A British Airways Airbus A320-200, registration G-EUUP performing flight BA-993 from Berlin Tegel (Germany) to London Heathrow,EN (UK), was enroute at FL360 near Amsterdam when the crew reported that there had been fumes briefly on the flight deck, which quickly dissipated, however, strong fumes occurred in the cabin prompting cabin crew to don their smoke hoods, one cabin crew became sick. The aircraft continued to London for a safe landing on runway 27R.
Sources tell The Aviation Herald, that there had been a fume event also on the outbound flight BA-992 from Heathrow to Tegel.
The occurrence aircraft remained on the ground at Heathrow Airport for about 26 hours, then resumed service.
On Jul 30th 2020 the AAIB released their final report into another occurrence, see Accident: British Airways A320 at London on Sep 23rd 2019, smoke in cabin, however, included this event in that report stating:
During the cruise over France on route to Heathrow the purser reported that one of the cabin staff had noticed an unusual odour in the rear galley area. It was described as being similar to cheesy feet and that initially it was quite a strong smell but had become less pronounced. It only seemed to be apparent in the rear galley area and had made one of the cabin staff feel heady. One of the passengers, who had been in that area also commented on it. The other passengers in the main cabin appeared not to have noticed anything unusual.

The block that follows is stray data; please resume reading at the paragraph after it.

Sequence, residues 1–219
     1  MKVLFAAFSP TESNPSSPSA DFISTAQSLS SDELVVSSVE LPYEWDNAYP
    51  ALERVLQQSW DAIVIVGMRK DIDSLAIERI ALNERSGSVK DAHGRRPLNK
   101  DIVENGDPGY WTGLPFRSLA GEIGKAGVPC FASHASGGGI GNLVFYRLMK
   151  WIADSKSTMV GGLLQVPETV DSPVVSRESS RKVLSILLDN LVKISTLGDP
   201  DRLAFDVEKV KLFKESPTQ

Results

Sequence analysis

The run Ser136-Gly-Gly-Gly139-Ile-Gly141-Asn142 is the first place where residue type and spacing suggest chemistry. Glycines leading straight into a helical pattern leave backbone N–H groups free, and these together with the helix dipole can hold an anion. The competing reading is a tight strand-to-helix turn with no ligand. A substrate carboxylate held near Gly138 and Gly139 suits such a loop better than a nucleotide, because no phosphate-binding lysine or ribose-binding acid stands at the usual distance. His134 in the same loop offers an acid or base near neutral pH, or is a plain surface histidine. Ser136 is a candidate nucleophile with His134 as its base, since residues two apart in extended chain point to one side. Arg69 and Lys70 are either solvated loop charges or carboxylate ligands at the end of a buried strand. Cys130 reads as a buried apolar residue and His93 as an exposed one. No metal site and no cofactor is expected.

The exact source of the smell could not be identified and as a precaution the commander initiated the smoke and fumes abnormal and emergency procedures. As the flight deck was not affected, the pilots decided not to go onto oxygen. An option to divert was also considered and preparations were made should it have been necessary.
The odour appeared to have dissipated to the extent it was barely detectable. However, one member of the cabin crew still felt unwell and moved to the flight deck to see if her condition improved. In the meantime, the odour appeared to return, and a second cabin crew member started to feel unwell. The commander declared a PAN to air traffic control, proceeded to Heathrow and landed without further incident.
The presence of the fire service and paramedics prompted the commander to inform the passengers about the situation and that the crew had been dealing with an issue. The passengers disembarked as normal with no comment being made. Paramedics attended to the crew member who was feeling unwell. During the wait, some of the cabin crew commented on varying degrees of itchy eyes and sore throats. No odours or symptoms were experienced on the flight deck.
After carrying out the troubleshooting process the No 1 engine was replaced.